But you push through those first few miles. If you have been reading about running, or you have runner friends who give you advice (and you actually listen), or you watch those inspiring YouTube videos, you know that even experienced marathoners struggle with the first few miles. Turns out you aren’t a loser, you aren’t a failure destined for couch surfing – you are human (and in my case, you’re almost 47 years old, which I know is a factor). So, you push through the suckiness and you notice it and you shift your focus to your environment, to your breathing, to your posture, to the fact your muscles are getting looser and you’re starting to glisten.
I know that in the recovery world, the more traditional thinking has been, stop drinking and/or using and for now, keep smoking and stuffing your face with crappy food and stay on the couch, whatever it takes, but don’t use. I personally think that this approach isn’t the best, and while I won’t go into it for now (that’s a whole other blog topic), I do think that as I mentioned in this previous blog entry, when you let go of something in your life, a vacuum is created, and it will be filled. I think exercise is a great vacuum-filler and specifically because of what I am talking about today, I find that exercise (in this case, running) can give someone in recovery a valuable way to relate to themselves and to the world, as we acquire new self-awareness and learn new tools. More pointedly – if I am trying to quit drinking, and I find myself constantly back on day 1, when I pair my sobriety efforts with a running plan, I see the parallels. I see that in the same way that I grew my grit muscle by building up my mileage, not quitting even when my brain was trying to convince me that Today Is Not The Day; shopping for new running shoes because tools really do matter; seeking out runners and asking for help; focusing on just getting to that next tree (instead of worrying about mile 5 or 15) – changing my life by acknowledging and addressing a progressive and potentially fatal problem/disease, is really not that different. And requires the same grit and seriousness and determination and commitment, as training for a 5k or a marathon.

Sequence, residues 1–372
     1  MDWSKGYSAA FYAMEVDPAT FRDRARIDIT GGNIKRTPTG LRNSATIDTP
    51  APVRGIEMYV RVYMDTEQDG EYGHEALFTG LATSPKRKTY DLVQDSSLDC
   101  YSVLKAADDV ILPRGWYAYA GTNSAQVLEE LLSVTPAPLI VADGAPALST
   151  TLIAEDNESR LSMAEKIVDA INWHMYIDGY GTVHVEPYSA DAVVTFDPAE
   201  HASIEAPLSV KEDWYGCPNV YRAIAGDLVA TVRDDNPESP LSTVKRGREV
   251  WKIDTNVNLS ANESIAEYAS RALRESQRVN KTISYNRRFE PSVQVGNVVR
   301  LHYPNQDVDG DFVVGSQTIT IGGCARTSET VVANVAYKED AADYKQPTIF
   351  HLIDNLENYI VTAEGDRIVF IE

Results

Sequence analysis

Just show up. And keep moving forward, to the next tree. Tune in. Adjust as needed. Get to the next tree. Focus on your breathing. Ask for help and accept it when it comes (because it will). Drink water. Get the right tools for you. Stay in your lane and in your present mile. Celebrate milestones (personal records, finish lines, anniversaries). Help others who aren’t as experienced as you.
The rewards are incredible. Every medal started with the sucky first miles (steps). Every person who has racked up months and years of sobriety had the same sucky first miles (steps). Just keep showing up, and moving forward.
Motivational coach, athlete, mom, entrepreneur. I love helping people mindfully reboot their health & joy.